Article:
Two Poems by Maria Pascualy

At the Café, I Was Distracted

He looked like a Holbein oil
of a young Cornish merchant
with a thick beard, posed pinching a red carnation between
thumb and forefinger;
caught staring
I shoved a dollar bill into the Tipping Is Not a City in China jar
and waited at the other end of the oak counter
for my flat white served in a thick white china cup and saucer
which I then set down –
spilling half on the empty table –
beside two young men
suited in full lumberjack attire,
holding hands,
hair perfectly mohawked,
eyeing and smiling
sideways
at me.


We Park John’s Duster on the Gravel Road

and carry the cooler full of oysters to the back door
of the yellow house. A large cherry tree shades
the stairs to the kitchen, its branches weighed down

with sour fruit and a large dead crow.
In the kitchen Duane, our host, licks his ginger moustache,
and explains he shot the bird and hung its carcass as a warning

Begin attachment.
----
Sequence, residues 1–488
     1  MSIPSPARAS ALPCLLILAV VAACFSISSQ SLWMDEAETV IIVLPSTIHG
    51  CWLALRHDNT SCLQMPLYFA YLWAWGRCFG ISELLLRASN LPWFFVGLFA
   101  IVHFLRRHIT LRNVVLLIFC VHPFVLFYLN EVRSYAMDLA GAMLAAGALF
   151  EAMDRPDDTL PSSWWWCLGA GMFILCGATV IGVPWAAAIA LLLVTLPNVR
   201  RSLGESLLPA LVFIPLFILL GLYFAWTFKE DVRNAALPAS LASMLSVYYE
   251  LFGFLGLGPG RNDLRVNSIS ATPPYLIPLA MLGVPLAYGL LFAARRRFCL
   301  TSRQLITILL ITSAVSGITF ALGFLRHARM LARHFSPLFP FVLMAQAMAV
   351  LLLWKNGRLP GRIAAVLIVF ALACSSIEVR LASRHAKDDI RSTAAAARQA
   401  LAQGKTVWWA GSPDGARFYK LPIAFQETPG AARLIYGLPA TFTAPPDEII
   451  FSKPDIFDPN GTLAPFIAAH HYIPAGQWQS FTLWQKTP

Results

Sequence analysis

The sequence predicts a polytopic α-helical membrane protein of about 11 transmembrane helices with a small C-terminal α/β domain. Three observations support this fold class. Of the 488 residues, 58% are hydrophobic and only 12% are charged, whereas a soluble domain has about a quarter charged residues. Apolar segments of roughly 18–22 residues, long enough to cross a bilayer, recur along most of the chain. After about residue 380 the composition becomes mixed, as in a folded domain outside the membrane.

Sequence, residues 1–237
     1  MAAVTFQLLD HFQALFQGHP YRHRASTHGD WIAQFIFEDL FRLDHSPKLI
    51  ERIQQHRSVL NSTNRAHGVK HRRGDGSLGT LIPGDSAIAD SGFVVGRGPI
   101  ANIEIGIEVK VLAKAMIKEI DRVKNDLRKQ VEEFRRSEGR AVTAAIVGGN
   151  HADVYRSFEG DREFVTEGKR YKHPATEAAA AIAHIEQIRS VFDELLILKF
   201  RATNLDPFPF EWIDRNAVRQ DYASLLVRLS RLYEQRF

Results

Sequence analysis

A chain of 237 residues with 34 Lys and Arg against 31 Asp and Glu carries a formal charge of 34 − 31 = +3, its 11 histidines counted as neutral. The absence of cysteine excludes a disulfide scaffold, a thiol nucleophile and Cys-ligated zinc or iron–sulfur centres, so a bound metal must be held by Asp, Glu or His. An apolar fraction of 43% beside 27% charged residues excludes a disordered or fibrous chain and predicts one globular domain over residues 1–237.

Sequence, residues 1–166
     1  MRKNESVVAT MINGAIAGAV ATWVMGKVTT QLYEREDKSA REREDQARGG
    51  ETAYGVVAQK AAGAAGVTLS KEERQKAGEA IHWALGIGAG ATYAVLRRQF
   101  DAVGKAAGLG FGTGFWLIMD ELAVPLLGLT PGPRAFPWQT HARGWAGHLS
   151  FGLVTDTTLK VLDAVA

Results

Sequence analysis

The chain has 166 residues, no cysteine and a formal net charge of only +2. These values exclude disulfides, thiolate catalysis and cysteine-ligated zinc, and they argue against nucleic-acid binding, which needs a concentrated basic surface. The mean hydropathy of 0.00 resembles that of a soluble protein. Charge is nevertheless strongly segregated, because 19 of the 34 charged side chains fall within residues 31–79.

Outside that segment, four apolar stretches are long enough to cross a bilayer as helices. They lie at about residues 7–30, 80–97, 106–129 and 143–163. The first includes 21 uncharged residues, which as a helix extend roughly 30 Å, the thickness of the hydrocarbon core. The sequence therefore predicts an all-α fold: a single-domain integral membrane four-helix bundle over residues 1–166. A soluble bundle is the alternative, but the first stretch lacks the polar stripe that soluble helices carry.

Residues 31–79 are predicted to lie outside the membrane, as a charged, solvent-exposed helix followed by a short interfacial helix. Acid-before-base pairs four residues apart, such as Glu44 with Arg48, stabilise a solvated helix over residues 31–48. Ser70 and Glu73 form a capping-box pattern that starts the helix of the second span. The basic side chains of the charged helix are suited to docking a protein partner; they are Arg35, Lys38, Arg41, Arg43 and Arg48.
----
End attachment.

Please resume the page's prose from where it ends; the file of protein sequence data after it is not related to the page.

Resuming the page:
to its friends. He needs those cherries for dessert. Duane sips

Nescafé from a teacup as he shares his bird psychology.
I open a beer and use a coaster, then I go out to take a closer look.
The crow is slung upside down, its wings flapped open, its feet neatly
bound and tethered with a green nylon rope. And true – I don’t see

any other crows around. People who go feral vex me.
I walk down to the Duster, turn on the music and light up a joint.

 

Maria Pascualy grew up in Bogotá, Colombia and now lives and writes in a little white house in Tacoma, Washington. Her writing has been published in Hobo Camp Review, Pulp, Panoply, and Mulberry Fork Review.

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